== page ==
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Friday, January 4, 2013

In 2011, the IRS announced a voluntary correction program for employers that erroneously classified employees as independent contractors that we previously covered here. On December 17, the IRS made it easier to qualify for the program.

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The Background.  The program permits a taxpayer not under an employment tax audit to reclassify workers previously classified as independent contractors as employees for federal employment tax purposes. Exposure to delinquent employment taxes and penalties is limited. The reclassification is prospective only and it applies only to employment tax issues.  It does not address any other issues, such as eligibility to participate in an employer’s employee benefit plans.

The program may be of value to taxpayers who want clarification of the status of workers who are in the grey area between employees and independent contractors.

The Changes.  In Announcement 2012-45, the IRS announced the following favorable changes:

  • A taxpayer under IRS audit but not for employment tax issues can now apply for the program. Previously, any open IRS audit of the taxpayer disqualified it for this program.
  • The taxpayer is no longer required to extend the period of limitations on employment tax liability to obtain the relief.

Other restrictions continue to apply:

  • The relief is not available to a taxpayer under current employment tax audit by the IRS or current audit of worker classification by the Department of Labor or any state government. A prior audit does not disqualify a taxpayer that complied with the results of the prior audit.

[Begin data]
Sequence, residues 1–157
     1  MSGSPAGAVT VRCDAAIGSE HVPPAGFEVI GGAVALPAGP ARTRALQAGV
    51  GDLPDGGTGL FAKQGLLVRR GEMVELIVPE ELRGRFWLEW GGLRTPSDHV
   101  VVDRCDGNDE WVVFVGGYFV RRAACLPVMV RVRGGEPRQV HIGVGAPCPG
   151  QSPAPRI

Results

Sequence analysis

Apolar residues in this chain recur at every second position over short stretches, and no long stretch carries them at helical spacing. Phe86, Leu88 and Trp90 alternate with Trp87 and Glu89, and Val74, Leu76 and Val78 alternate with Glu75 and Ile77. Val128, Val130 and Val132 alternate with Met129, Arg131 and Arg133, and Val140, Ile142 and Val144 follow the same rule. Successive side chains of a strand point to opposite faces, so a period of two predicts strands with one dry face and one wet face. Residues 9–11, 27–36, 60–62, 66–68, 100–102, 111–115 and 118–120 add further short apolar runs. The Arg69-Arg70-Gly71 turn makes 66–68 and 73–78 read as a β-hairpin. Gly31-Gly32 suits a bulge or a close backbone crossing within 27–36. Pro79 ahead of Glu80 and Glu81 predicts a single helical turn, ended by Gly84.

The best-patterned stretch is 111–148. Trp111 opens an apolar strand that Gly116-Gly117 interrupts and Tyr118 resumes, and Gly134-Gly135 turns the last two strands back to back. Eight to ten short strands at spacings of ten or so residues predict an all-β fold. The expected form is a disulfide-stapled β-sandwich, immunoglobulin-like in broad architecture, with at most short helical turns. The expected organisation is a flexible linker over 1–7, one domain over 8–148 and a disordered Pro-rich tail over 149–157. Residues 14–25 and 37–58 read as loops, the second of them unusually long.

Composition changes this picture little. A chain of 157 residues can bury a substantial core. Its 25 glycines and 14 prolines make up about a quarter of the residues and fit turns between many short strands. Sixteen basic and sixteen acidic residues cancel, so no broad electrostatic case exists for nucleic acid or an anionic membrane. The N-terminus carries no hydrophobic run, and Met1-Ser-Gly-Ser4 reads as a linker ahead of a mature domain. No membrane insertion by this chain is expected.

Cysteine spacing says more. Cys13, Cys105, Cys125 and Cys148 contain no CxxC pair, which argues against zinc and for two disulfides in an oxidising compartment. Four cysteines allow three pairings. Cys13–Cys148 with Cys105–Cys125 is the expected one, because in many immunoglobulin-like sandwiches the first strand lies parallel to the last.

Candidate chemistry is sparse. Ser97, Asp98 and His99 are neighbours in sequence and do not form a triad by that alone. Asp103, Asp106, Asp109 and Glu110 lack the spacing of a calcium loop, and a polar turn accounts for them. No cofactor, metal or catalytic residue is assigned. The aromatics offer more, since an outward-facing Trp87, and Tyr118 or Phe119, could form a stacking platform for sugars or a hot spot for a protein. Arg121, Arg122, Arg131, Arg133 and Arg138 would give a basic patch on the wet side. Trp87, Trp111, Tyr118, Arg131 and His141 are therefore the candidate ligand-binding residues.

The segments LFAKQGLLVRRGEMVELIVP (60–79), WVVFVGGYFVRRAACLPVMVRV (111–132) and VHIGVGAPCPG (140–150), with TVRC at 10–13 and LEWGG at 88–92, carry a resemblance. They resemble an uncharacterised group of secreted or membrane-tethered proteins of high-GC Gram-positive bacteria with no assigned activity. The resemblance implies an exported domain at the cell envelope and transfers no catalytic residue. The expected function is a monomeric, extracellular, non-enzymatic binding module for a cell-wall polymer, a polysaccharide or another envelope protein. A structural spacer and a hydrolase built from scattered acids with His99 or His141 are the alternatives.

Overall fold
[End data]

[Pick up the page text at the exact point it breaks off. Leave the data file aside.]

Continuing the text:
• The relief is not available to any member of an affiliated group within the meaning of section 1504(a) of the Internal Revenue Code if any other member of the group is under current employment tax audit.
  • The relief is not available to a taxpayer that is contesting in court a prior IRS or Department of Labor classification of the workers.
  • The taxpayer must have consistently treated the reclassified workers as independent contractors in the past and furnished them with all required Forms 1099 for the prior three years.
  • The taxpayer must pay 10% of the employment tax that would have been due on compensation of the reclassified workers for their most recent taxable year, determined under the reduced rates provided for in section 3509(a) of the Code.
  • There is no liability for interest and penalties on the liability and no exposure to IRS audit for the prior classification.

The application process is described in the Announcement.

Special Limited Relief if 1099s Were Not Filed. In Announcement 2012-46, the IRS announced that the program will be available through June 30, 2013 for taxpayers who are ineligible under the general criteria because they did not provide the required Forms 1099 to the affected workers for the prior three years. The following additional requirements apply:

  • The taxpayer must furnish affected workers and the Treasury all required Forms 1099 for the prior three years.
  • The taxpayer must pay 25% of the employment tax that would have been due on compensation of the reclassified workers for their most recent taxable year, rather than 10%.
  • The taxpayer must pay a graduated penalty for the unfiled Forms 1099 for the prior three years, based on the number of failed Forms 1099 for the prior three years.
  • There is no liability for interest and penalties on the liability and no exposure to IRS audit for the prior classification.

A separate, more complicated application process is described in the Announcement.

Final Thoughts. With the IRS, Department of Labor, and state agencies ramping up enforcement of worker classification audits, this program offers an opportunity for employers to get out in front of the issue and try to solve it before the government comes knocking.  While it may only provide assurance from the IRS, and only on employment tax issues, utilizing the program is evidence of good faith and may prove helpful even as against other auditing agencies.

What do you think?  Is this program helpful?  Will the liberalized eligibility rules make it more likely for employers to take advantage of the program?

Related Links

IRS Page on VCSP

IRS FAQs on VCSP

IRS Form 8952 VCSP Application & Instructions

Independent Contractor (Self-Employed) or Employee? IRS Page

Disclaimer/IRS Circular 230 Notice

 

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